Congress is currently exploring ways to develop new criteria that would hopefully meet the Court’s unelucidated standard. The DOJ has also indicated that it will aggressively pursue Section 2 violations as well as explore options to “bail-in” repeat offending jurisdictions under another, little-used section of the VRA. The urgency of this effort has been made all too clear with the passage in North Carolina recently of a law that restricts registration and early voting and requires photo ID at the polls.
Campaign Finance Reform
I am firmly committed to removing the influence of money from elections.
The rising cost of political campaigns is a serious cause for concern in the United States, as some qualified candidates are discouraged from running for office because they do not have the financial means to do so. Furthermore, the exorbitant cost of campaigns has increased the role of political action committees, interest groups, and political parties through unregulated soft money donations.
In its controversial Citizens United decision, the Supreme Court overturned long-standing legal precedents, effectively allowing virtually unlimited corporate and special interest spending in elections. The eventual result of this and subsequent Supreme Court rulings was the emergence of Super PACs – political action committees permitted to accept unlimited contributions and make unlimited expenditures aimed at electing or defeating federal candidates.
I am proud to be a cosponsor of the DISCLOSE Act, which would require timely disclosure by Super PACs that spend money on campaign advertisements and would require lobbyists to disclose their expenditures to these groups. It would also force corporations to disclose campaign expenditures to their shareholders and would obligate Super PACs to disclose their top five donors in each ad. To further enhance oversight of corporate spending in elections, I am also a cosponsor of H.J. Res. 23, which proposes a Constitutional amendment clarifying that corporations are not entities entitled to the personal rights enshrined in the Constitution.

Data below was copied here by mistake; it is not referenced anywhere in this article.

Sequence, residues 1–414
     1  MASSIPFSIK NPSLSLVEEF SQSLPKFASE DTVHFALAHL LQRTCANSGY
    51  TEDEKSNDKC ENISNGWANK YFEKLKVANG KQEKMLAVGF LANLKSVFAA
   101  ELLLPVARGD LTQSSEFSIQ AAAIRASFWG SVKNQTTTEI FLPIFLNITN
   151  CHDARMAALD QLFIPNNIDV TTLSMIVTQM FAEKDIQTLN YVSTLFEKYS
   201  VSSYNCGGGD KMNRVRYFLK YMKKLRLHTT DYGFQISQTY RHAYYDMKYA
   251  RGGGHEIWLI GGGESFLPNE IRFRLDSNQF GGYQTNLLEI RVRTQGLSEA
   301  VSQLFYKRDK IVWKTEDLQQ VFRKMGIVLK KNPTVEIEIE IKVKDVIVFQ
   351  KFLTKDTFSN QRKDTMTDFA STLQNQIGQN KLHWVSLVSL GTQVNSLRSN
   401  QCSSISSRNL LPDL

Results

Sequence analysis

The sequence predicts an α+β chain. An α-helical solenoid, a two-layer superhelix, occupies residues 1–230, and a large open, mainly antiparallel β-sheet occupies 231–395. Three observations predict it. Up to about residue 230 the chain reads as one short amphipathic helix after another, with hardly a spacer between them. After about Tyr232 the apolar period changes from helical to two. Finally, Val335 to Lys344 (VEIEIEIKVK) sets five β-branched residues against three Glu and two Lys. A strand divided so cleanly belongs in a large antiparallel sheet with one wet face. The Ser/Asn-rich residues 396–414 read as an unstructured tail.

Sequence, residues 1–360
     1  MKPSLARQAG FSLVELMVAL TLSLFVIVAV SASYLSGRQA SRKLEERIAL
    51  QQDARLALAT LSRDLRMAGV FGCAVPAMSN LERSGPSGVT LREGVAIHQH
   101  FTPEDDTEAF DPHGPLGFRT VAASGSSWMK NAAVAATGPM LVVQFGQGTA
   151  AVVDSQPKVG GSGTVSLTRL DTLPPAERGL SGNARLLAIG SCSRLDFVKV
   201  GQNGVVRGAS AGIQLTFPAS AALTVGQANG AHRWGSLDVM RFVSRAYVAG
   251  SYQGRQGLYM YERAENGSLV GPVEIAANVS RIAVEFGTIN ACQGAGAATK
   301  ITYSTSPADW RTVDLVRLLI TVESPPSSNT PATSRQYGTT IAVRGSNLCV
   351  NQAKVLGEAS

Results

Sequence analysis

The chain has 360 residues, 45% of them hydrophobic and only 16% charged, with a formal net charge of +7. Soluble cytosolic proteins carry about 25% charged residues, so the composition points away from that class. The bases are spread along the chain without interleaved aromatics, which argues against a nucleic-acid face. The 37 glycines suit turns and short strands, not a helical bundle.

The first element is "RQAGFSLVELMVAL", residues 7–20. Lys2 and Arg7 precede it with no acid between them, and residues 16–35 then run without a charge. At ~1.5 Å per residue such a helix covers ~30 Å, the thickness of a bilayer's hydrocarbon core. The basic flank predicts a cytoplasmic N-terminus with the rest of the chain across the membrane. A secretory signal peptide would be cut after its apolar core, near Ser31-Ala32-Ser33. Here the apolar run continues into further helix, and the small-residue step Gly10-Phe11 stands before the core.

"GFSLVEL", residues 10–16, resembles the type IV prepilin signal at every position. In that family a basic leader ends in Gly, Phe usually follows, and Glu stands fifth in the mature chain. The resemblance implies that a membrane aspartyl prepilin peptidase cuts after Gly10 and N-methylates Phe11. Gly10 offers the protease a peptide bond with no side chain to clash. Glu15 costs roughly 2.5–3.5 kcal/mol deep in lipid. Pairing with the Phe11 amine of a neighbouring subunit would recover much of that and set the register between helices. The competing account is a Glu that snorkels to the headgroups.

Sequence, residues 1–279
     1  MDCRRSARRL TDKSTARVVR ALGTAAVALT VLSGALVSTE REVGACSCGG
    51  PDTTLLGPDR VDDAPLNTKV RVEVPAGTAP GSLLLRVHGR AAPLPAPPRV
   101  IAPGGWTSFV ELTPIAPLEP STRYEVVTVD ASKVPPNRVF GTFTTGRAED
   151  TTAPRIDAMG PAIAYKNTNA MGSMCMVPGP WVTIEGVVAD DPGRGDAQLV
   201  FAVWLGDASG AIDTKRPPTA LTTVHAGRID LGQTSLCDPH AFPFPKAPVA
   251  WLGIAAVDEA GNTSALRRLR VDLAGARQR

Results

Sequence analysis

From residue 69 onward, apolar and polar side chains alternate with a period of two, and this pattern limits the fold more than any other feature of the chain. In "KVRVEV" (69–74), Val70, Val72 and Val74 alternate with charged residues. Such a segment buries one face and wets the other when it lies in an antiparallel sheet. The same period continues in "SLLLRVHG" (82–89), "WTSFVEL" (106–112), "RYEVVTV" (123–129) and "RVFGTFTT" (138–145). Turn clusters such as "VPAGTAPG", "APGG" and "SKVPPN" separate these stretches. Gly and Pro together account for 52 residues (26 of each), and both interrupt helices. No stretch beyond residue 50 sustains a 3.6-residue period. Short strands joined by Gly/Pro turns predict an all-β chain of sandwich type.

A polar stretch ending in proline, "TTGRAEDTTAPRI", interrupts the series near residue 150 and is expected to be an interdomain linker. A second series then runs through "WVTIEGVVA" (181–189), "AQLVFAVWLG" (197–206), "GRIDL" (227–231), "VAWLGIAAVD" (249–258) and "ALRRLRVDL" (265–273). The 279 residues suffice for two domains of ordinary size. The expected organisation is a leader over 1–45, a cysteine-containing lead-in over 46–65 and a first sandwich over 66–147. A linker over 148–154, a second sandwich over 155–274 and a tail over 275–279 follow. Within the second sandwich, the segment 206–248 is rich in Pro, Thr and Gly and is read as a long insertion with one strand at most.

Further, in order to remedy the High Court’s overarching opinion that allowed unprecedented amounts of money to flow into the political system, I cosponsored a Constitutional Amendment that would grant Congress and the states the power to regulate campaign contributions in federal and state elections, respectively.
Finally, in an effort to curb the influence of money given directly to candidates, I was an original cosponsor of the Fair Elections Now Act last Congress. This sensible, overdue legislation would create a voluntary small donor matching funds system for congressional elections. To qualify, congressional candidates would have to raise at least $50,000 from more than 1500 contributors. No individual would be able to donate more than $100. Candidates who met these criteria would receive a primary and general election grant in addition to 4-to-1 matching funds for small donations.
Changing the way we conduct business in Washington and making our government more transparent and accountable to the public is one of my highest priorities. We must ensure that national policy decisions are based on the power of ideas and not the power of money.